I've seen New York on television, I've read about it on the magazines, but I never thought that one day, I'd put my feet in the city.
This is my first trip out of South Africa. I am travelling to the States because I am a GlobalGirl reporter and will be covering the International Aids Conference (AIDS2012) as a Global Girl reporter.
The plane trip itself was very long. Our plane was delayed and it took us almost 30 hours to get there. We even slept on the floor at the Frankfurt Airport, but that never stopped me from wanting to come to New York. When the plane was about to land down I saw those very long and beautiful buildings, which I used to see on television and I knew I was in New York.
New York is big, beautiful and colorful. I realized that it is not much different from where I come. There are black and white people like in South Africa.
We went to Times Square. That's where you find thousands of people, as well as tourists, because it is the wildest side of the city. I was so surprised when we GlobalGirl Media reporters spoke in isiZulu, which is one of the languages that we use in South Africa, and heard a black man answer, us back. We couldn't believe it! Then somebody else spoke to us in Setswana, which is another language that we use in South Africa.
Times Square is filled with big screens on the wall. You stand watching, but you don't know where to look, because they all are changing all over the square. Then, something happened I could not believe. I saw our faces on one of the screens with the message, "GlobalGirl Media brings new voices to AIDS 2012." It was a great moment. People were turning around looking at us. They recognized us and started to point at the screen. I will never forget that day. I wished they had been able to see it in South Africa. My GlobalGirl teammate Mandisa Madikane said she wished her Grand Mom was there to see her face on that big screen!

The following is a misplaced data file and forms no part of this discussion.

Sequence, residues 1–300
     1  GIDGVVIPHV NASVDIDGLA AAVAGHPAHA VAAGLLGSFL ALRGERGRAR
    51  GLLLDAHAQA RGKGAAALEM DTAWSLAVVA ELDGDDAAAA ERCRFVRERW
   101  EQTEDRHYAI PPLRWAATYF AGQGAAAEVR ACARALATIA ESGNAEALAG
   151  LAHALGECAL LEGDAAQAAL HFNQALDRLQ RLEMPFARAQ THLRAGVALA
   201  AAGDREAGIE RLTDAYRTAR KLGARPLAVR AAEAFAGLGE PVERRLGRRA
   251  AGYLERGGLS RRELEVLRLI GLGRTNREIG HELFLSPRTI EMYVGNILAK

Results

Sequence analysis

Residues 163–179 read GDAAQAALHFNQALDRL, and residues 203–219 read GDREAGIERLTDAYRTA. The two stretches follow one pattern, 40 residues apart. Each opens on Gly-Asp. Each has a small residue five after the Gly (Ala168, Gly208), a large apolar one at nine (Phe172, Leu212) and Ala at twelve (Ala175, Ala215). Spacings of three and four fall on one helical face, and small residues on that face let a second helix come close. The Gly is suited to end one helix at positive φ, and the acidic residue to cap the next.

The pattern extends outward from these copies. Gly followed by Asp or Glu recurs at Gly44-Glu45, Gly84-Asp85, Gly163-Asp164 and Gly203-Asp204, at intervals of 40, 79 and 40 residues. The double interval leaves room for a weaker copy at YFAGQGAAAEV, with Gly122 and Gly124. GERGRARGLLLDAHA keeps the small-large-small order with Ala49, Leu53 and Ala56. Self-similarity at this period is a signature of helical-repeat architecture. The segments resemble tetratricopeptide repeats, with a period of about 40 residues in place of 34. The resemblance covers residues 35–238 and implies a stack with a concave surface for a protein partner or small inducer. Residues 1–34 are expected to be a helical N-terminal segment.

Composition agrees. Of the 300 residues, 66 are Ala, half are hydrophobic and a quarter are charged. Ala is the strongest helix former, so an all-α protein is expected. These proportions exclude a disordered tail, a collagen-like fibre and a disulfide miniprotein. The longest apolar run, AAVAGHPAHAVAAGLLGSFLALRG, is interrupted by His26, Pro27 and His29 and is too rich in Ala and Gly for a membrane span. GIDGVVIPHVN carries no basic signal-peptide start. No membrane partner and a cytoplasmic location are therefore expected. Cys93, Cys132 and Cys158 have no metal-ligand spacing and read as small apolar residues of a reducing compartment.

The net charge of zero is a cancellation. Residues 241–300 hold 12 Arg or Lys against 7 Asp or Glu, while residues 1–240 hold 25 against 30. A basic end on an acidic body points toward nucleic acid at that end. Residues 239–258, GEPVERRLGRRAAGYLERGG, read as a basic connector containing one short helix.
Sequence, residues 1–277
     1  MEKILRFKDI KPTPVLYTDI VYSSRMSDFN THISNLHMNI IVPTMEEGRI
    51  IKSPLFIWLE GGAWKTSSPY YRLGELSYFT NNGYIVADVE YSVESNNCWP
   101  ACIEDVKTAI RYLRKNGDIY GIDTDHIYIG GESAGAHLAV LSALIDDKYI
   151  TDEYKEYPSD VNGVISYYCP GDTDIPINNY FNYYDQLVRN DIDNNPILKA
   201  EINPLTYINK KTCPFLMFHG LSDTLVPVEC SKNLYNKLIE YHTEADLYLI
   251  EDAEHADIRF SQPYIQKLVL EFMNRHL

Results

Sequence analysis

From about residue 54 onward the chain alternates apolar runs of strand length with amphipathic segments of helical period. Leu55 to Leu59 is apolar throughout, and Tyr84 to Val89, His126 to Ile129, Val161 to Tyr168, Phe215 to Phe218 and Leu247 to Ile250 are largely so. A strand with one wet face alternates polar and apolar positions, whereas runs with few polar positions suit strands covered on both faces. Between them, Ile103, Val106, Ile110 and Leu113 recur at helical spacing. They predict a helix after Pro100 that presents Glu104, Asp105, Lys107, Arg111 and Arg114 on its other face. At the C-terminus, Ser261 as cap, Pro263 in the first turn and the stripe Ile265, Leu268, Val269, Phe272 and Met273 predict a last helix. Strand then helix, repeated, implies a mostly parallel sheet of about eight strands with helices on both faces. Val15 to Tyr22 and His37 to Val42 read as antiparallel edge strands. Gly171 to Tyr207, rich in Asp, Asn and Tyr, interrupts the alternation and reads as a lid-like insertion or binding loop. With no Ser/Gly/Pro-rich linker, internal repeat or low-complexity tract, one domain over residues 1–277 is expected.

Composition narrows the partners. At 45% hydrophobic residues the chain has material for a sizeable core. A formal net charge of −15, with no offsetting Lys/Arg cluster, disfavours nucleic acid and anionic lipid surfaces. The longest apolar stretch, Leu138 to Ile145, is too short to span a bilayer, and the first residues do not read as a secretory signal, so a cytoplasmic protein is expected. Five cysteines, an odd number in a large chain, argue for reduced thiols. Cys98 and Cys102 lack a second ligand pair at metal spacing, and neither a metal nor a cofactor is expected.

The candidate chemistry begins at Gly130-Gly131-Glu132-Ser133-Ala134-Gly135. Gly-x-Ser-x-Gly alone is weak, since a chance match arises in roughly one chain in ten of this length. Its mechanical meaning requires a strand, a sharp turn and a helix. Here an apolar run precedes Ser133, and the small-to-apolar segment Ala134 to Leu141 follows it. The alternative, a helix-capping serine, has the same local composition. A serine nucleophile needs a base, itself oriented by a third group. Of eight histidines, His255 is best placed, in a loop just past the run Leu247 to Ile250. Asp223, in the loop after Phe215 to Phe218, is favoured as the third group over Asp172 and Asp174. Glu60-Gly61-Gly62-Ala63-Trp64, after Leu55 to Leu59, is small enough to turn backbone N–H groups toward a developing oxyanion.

Aids March 2012 "Keep the promise"
The next day we drove to Washington, D.C. and reported on the AIDS March 2012 called "Keep the Promise," which started by the Washington Monument on the Mall, near the White House. People from all over the world came to march for government to "Keep the Promise" for more funding for HIV/Aids, better access to medication, and for HIV-positive people to be respected and treated like any other human being. "We're here to support "Keep the Promise," said Mwariuko Medaird, an AIDS activist form Burundi, "We're here to increase our voice and to say we need support to fight HIV." Added Manu Platt, a researcher in the AIDS field, "I'm out here to help everybody to realize that the problem is not over."
There was a large stage where American comedian Margaret Cho was the emcee. There were speeches by Reverend Al Sharpton, Cornel West and former U.N. Ambassador Andrew Young. The best was a musical performance by Wyclef Jean. Everyone was dancing and singing. Many people waved red AIDS umbrellas and signs with messages. There was a large AIDS red ribbon with the words "AIDS Care not Warfare." Another sign said, "Every child deserves a world without AIDS." After the performance, Margaret Cho and Wyclef Jean lead the HIV activists into the street to start the march.
We all want to keep fighting to find a cure for HIV/Aids. It occurred to me that not only South Africa is facing the HIV epidemic. It was such an honor to take part in the march. As a young and HIV positive person, it gives me hope.